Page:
Symptoms of genital warts (condilomata acuminata)

Genital warts or pointed warts can develop in three to eight weeks (incubation period) after infection with certain HPV viruses. They are reddish, gray-brown, or whitish papules of the skin or mucous membranes of the genital and anal region. Their size varies between the needle head and even a few centimeters. Often, individual condylomata are close to each other and form so-called papillomas.

In women, such HPV signs are mostly found in the lips, at the posterior junction of the two labia majora (posterior commissure), and in the anal region. Genital warts can also develop in the vagina and cervix. Code men, these signs of HPV infection affect the penis and anal region.

Genital warts hardly cause symptoms. However, sometimes dampness and itching, tingling, and bleeding after intercourse are possible symptoms of genital warts caused by HPV. On the other hand, pain is manifested only occasionally.

In rare cases, genital warts that exist for years develop into Buschke-Lovenstein giant condylomata (Condylomata gigantea). These cauliflower-like deformities displace and destroy the surrounding tissue. Cells can degenerate and become cancer cells (verrucous cancer).

Articles on HPV

Symptoms of intraepithelial neoplasms

Intraepithelial neoplasms do not cause symptoms in many people. This applies, for example, to cervical intraepithelial neoplasia (CIN). In other cases, more or less obvious discomfort may occur. For example, intraepithelial neoplasia of the vulva (VIN) may be accompanied by itching, burning, and pain during sexual intercourse (dyspareunia) but may be asymptomatic. Anal or perianal intraepithelial neoplasia (AIN and BOL) causes itching in the area of the anus, as well as discrete bleeding from the anus and pain during bowel movements. Changes in the cells on the penis (PIN) can cause a velvety, irregular, shiny redness in the area of the head or foreskin.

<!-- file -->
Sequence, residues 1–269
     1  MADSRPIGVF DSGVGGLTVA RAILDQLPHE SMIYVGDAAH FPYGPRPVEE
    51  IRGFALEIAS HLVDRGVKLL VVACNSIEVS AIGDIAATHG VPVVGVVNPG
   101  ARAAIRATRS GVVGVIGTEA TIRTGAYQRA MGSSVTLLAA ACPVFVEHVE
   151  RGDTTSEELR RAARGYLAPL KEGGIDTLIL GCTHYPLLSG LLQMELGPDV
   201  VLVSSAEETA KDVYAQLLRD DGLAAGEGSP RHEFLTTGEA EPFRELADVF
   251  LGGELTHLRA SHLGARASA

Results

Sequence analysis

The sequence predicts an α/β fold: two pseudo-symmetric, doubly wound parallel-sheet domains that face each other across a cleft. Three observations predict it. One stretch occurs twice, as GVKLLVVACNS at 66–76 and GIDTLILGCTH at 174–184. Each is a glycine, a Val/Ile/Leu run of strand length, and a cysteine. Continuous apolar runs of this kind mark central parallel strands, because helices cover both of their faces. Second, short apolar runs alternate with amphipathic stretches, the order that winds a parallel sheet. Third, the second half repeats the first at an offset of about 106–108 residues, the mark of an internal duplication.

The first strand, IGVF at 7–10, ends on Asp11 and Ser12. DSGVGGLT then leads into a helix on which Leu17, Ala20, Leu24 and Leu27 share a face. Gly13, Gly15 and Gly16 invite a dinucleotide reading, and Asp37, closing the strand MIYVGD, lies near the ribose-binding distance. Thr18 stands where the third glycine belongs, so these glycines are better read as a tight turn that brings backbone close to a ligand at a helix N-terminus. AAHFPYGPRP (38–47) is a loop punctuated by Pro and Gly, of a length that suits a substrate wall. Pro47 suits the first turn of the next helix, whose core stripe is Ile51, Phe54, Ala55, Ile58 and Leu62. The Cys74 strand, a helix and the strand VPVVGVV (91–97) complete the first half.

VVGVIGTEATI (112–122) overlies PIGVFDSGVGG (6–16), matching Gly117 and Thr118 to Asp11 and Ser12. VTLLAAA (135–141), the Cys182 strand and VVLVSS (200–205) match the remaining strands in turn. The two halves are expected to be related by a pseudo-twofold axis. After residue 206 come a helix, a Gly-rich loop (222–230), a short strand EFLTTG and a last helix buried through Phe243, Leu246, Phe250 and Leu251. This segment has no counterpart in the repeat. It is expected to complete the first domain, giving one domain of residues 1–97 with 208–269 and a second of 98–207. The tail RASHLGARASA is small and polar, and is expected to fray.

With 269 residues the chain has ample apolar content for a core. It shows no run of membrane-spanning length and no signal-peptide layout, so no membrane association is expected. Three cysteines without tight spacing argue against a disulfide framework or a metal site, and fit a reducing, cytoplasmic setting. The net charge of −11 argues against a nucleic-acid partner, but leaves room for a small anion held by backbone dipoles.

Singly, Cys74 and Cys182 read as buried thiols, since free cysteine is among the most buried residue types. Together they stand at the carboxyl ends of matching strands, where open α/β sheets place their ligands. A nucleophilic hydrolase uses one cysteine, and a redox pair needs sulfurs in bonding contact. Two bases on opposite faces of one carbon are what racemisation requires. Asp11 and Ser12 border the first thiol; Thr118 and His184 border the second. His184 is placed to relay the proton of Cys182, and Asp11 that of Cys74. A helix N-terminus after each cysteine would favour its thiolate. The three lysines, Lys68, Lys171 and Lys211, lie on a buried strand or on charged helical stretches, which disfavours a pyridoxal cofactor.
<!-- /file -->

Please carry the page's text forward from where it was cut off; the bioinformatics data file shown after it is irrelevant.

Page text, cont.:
The most common cancer associated with the HPV virus is cervical cancer. Most women who become ill do not show symptoms in the early stages of the disease. In other women, vaginal discharge and bleeding after intercourse, between menstrual bleeding, or after menopause indicate a possible tumor disease. However, these symptoms can have other causes.

In advanced cervical cancer stages, women often report pain in the lower back or pelvis when urinating or emptying the bowel. Lymph congestion in the legs can also occur.

Sometimes other cancers are associated with HPV. Symptoms depend on the tumor’s location and the stage of the disease. In penile cancer, skin changes such as swelling or hardening of the head or foreskin, lightly bleeding skin on the penis, and sometimes an unpleasant odor can occur. Vaginal cancer becomes noticeable only in an advanced stage with bloody discharge or vaginal bleeding (for example, after sex).